“Yes, Father, that would be the right and logical thing to do. Give me a moment to wash up.”
“Hallelujah, my son.”
While the character who finds the story of Christ’s Atonement so illogical does eventually find it meaningful and valuable, he does not resolve the illogic. And that is fine for a character who appreciates Christianity, in common with every other religion, as a set of beautiful stories that contain truth. But for a person like me, who considers Christ himself to be the Truth and Christianity to not only contain truth but to be true, the apparent illogic grates on the mind. Continue reading
There are several reasons that I am an attorney instead of an English professor (my original plan). A relatively minor reason that I don’t usually mention is the dominance of multiculturalism in the academy as a lens for talking about and judging literature and culture generally.
What I mean by “multiculturalism” is a particular kind of intense focus on race, gender, class, nationality, sexuality, and other categories that might make a person a minority, and the ways in which cultures construct and deploy these categories (generally in ways that disadvantage the minority). Anyone who has studied English literature at today’s universities should understand what I mean. But so should anybody familiar with the rhetoric of certain liberal politicians, some of whom (for instance) have recently assumed it unnecessary to make any substantial explanation of why they deem it deeply wrong for Joe Biden to have had collegial relationships with segregationist senators. Continue reading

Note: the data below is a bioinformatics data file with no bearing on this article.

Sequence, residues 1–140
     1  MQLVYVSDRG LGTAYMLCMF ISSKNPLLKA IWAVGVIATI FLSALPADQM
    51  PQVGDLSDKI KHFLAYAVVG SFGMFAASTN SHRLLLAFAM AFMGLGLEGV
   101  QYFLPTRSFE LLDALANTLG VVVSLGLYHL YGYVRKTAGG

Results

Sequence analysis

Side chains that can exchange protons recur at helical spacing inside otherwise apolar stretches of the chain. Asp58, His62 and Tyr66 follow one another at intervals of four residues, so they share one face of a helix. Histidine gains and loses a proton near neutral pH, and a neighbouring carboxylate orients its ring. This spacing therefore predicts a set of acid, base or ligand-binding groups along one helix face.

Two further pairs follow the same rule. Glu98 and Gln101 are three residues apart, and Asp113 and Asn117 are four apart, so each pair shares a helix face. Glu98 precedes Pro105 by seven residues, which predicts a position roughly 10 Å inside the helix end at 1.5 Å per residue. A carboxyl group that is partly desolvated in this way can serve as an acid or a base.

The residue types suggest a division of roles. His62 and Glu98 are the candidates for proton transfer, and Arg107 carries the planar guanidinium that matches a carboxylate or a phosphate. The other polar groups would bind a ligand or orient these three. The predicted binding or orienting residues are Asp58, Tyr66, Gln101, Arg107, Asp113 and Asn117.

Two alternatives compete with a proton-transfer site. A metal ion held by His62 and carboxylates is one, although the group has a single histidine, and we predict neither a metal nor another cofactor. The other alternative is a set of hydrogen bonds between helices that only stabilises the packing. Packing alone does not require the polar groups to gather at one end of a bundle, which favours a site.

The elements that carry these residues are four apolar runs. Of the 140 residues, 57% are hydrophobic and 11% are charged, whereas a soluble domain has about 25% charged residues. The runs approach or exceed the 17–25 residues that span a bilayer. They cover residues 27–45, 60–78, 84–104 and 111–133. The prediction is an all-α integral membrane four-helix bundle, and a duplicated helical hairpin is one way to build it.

You have expressed, by your words and/or your actions, that you feel no need to go to church. You don’t see how it would benefit you and your family (as I believe it would). I appreciate the frankness with which you shared how you feel, and I will also be frank even though that will entail explaining why I think you should feel differently than you do. In explaining this, I want to be clear that I don’t think you are a bad person for thinking as you do. But I do think you are mistaken on this point, and I consider it a point of sufficient importance that I want to explain why I think so.
On my mission in Taiwan and since then, I have met many people who have said they don’t see the need for church even though they believe in God. Many of these have told me something to the effect of “I’m happy with where my relationship with God is right now.” And if this is what they sincerely think, rather than glibly saying it to brush aside the matter, then I think it is their first and greatest error. Continue reading
Scripture, taken as a whole, is not straightforward and simple, but rather elaborate, polyvocal, heteroglossic, and ambiguous. This suggests to me that the truth about God and man resists capture by human language. Jesus never attempted to set forth the whole truth in plain prose. Perhaps this is because it cannot be done. Jesus instead taught using stories and wordplay and metaphor. The kingdom of God is like a pearl of great price—and then again, it is like a lost coin—or leavening—or a mustard seed. He never gathers all the images and teachings in one—never purports to be able to set forth the whole at once. He gives us momentary snapshots, from different angles. An Emily Dickenson poem sheds light on the issue:
Tell all the truth but tell it slant —
Success in Circuit lies
Too bright for our infirm Delight
The Truth’s superb surprise
As Lightning to the Children eased
With explanation kind
The Truth must dazzle gradually
Or every man be blind — Continue reading